The $1.9 trillion American Rescue Plan Act could cut poverty by more than a third in 2021, according to a new analysis from researchers at the Urban Institute.
Without the Covid relief bill, about 44 million would be living in poverty in the U.S. this year, the researchers estimated. But the legislation will result in 16 million of those being pulled above the poverty line, reducing the poverty rate from 13.7% to 8.7%. For children, the numbers are even more pronounced, with the poverty rate falling by half in the wake of the relief bill.
The spending package is also projected to have a powerful effect on Black and Hispanic populations. “Poverty would fall 42 percent for Black, non-Hispanic people and 39 percent for Hispanic people compared with 34 percent for white, non-Hispanic people, thus reducing the disparities in poverty rates for Black, non-Hispanic people and Hispanic people relative to white, non-Hispanic people,” the report said.
The Urban researchers said that four provisions within the relief bill produce the most significant poverty-reducing effects:
Unemployment benefits: The bill extends the current $300 per week supplement to state unemployment benefits for another 25 weeks, expiring on September 6. This provision on its own is projected to reduce the poverty rate from 13.7% to 12.6%.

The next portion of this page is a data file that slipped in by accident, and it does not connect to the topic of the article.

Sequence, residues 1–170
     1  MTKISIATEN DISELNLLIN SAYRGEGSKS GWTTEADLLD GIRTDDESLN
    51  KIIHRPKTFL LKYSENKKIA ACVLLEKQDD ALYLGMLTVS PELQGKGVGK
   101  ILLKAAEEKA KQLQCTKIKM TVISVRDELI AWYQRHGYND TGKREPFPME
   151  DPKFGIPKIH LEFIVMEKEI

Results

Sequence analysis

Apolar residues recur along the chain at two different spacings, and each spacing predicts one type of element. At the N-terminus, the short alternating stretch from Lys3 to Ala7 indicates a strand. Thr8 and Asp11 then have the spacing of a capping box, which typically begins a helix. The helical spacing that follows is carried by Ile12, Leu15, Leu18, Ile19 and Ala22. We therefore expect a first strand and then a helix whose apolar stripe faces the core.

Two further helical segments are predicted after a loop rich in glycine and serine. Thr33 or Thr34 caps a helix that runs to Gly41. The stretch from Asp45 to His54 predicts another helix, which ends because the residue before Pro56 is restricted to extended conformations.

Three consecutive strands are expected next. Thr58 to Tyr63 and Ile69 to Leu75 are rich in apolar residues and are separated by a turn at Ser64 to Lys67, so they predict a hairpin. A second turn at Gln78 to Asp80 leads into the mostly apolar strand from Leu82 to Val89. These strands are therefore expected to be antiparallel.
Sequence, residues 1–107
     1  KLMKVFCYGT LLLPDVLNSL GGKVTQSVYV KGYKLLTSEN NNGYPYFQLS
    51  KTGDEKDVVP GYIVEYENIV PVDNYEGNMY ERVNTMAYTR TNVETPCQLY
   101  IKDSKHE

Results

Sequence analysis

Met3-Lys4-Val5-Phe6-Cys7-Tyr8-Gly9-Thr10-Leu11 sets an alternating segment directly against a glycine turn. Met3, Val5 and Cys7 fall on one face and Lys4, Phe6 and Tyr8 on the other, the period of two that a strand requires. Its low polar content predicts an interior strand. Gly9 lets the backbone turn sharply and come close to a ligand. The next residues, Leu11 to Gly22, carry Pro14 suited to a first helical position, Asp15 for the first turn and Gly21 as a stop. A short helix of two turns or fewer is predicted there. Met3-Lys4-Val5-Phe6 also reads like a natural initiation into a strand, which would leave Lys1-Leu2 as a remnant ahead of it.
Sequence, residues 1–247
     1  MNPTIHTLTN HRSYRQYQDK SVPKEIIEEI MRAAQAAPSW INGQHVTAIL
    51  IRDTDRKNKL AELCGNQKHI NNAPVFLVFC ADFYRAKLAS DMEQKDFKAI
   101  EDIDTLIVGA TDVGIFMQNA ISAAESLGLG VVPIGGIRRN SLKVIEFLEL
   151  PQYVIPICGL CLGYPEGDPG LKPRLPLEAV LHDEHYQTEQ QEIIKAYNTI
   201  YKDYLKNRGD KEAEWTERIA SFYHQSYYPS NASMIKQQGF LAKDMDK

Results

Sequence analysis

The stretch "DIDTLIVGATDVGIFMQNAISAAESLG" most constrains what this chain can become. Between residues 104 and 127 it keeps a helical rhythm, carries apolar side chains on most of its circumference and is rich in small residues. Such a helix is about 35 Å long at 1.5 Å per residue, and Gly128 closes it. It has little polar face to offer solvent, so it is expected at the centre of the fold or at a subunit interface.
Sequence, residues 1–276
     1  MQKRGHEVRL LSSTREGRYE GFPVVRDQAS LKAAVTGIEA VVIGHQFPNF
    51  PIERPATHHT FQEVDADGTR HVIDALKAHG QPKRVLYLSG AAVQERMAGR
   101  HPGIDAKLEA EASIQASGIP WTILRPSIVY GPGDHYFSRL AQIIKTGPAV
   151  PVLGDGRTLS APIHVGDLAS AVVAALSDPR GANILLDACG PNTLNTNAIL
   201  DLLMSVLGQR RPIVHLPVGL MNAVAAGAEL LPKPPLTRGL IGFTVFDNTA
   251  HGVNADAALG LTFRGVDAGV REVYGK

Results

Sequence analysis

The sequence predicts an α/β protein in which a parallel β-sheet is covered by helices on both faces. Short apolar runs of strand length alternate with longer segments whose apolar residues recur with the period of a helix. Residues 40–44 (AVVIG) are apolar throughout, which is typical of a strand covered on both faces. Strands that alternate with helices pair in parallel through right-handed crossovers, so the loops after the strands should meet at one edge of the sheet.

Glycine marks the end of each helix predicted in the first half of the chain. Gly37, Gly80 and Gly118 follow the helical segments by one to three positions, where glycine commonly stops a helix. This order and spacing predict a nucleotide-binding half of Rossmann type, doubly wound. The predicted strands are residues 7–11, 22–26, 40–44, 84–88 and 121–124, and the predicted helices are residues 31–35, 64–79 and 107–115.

Direct payments: The legislation includes direct federal payments of up to $1,400 per person for those who qualify, which includes most Americans. This provision has the largest single effect on poverty, dropping the poverty rate from 13.7% to 10.2%.
Child tax credit: The bill makes several changes to the existing child tax credit, making it fully refundable while increasing its value to $3,600 for children under the age of 6 and $3,000 for those between 6 and 17. This provision is projected to reduce the poverty rate by nearly a full percentage point.
Food assistance: The bill includes a three-month extension of enhanced benefits through the Supplemental Nutrition Assistance Program, also known as SNAP or food stamps. The extension is projected to reduce the poverty rate by a tenth of a percentage point.
All of this poverty-reducing spending comes at a time of particularly pressing need, according to a separate report Wednesday from the Center on Budget and Policy Priorities. Economic hardship was at high levels at the end of last month, CBPP said, especially for families with children. The most recent Census data, collected in the last two weeks of February, indicate that 14% of adults with children reported that they hadn’t had enough food in the last week, significantly higher than the 4% who reported the same at any point during 2019. And 41% of adults with children reported that they had had trouble covering household expenses such as rent and car payments over the last week.